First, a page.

...Defence chief steers clear of debate over post-mortems
CHIEF of Defence Staff Brigadier Kenrick Maharaj yesterday said he would not be pulled into the ongoing debate over the conflicting autopsies of deceased soldier, Lance Corporal Curtis Marshall.
An autopsy conducted by pathologist Dr Eslyn McDonald-Burris stated Marshall's death was due to strangulation.
The autopsy was co-signed by pathologist Dr Valery Alexandrov.
The preliminary results of a second autopsy conducted by Dr Hubert Daisley confirmed the results of the first autopsy.
The preliminary results corroborated McDonald-Burris's findings that Marshall's death was due to strangulation.
Daisley's preliminary results also stated that Marshall sustained several blows to the back of his head.
As a result, all those who were on duty at Trinidad and Tobago Defence Force Headquarters in Chaguaramas the night of Marshall's death were ordered to return to the base as a homicide investigation by the police had commenced.
But Daisley conducted further tests on Marshall which forced his funeral service to be postponed.
Following this, Daisley told the Marshall family that his preliminary findings, which stated that Marshall was murdered, were wrong.
He said Marshall died of an asthma attack.
Then Alexandrov conducted a further autopsy on Marshall and reiterated that the soldier died of strangulation.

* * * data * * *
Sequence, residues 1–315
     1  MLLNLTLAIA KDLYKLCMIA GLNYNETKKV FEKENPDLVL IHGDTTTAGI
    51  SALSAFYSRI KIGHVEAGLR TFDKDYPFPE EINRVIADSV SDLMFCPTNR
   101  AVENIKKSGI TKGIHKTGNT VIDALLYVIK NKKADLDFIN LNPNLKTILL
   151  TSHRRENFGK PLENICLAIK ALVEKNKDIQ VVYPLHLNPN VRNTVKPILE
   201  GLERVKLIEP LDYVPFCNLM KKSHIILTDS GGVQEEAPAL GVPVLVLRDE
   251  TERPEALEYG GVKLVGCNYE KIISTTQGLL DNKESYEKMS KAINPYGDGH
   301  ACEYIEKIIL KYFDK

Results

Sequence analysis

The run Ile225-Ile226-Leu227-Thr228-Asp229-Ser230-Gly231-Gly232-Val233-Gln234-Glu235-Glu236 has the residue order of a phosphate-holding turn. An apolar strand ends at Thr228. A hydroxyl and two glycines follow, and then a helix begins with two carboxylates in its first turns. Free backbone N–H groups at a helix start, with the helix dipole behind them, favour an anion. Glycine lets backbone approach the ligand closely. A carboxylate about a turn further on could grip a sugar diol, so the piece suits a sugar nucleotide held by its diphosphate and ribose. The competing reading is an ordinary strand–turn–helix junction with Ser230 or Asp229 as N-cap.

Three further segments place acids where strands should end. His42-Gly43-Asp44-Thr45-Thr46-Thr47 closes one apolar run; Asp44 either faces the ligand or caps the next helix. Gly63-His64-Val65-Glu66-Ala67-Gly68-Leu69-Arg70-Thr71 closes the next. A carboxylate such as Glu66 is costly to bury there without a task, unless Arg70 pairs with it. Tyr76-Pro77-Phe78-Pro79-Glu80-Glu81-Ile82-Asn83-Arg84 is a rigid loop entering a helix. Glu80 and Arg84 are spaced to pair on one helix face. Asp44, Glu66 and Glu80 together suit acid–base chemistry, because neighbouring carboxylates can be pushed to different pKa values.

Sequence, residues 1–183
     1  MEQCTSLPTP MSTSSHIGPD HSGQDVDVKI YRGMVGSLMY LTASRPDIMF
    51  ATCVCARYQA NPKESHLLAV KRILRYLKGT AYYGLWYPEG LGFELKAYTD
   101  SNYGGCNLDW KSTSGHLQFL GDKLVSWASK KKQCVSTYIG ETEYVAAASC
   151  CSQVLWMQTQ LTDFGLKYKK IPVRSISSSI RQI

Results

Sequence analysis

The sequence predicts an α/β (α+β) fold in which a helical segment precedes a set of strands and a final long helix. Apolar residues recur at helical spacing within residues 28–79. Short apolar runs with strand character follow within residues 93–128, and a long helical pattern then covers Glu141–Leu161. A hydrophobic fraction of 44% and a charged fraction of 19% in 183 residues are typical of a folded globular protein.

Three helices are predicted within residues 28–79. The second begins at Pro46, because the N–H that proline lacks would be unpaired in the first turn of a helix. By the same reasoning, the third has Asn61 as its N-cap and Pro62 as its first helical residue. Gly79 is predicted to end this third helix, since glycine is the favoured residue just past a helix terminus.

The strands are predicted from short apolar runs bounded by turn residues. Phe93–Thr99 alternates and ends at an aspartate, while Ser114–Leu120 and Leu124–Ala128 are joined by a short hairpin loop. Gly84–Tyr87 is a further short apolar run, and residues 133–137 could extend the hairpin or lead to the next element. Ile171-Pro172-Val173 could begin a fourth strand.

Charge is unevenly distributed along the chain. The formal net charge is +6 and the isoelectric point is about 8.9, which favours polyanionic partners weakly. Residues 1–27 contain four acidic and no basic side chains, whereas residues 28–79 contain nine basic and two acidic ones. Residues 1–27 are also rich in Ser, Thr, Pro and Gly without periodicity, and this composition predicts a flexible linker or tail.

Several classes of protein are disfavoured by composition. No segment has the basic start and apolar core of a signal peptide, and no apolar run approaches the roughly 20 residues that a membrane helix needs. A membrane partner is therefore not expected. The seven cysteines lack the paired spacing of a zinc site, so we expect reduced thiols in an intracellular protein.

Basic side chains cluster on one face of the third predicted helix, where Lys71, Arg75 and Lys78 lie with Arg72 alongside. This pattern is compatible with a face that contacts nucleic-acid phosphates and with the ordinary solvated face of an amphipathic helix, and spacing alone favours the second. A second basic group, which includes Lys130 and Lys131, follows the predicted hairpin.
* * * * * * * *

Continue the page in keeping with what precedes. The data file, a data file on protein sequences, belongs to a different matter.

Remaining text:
Despite all the controversy over his autopsy, Marshall was yesterday laid to rest under full military rites.
Speaking following the funeral service, Maharaj said he did not want to get pulled into the autopsy controversy.
"It has now become a debate between the pathologists and I will not get into that debate. The fact is, at the end of the day, there are issues that have to be resolved and I respect at the end of the day what the findings are."
"The fact is the brotherhood of the army...this has never happened in the history of our 50 years. There has never been a case of soldiers murdering soldiers and so on. We have had accidental deaths, we have never had this, this is not the way we live as a family.
"The military is not that. The military is a close-knit organisation so we felt the pain the family felt, we felt that same feeling of loss and pain and emotion, but we have had to be professional to manage it, to ensure the family was not subject to any unnecessary emotional stress," Maharaj said.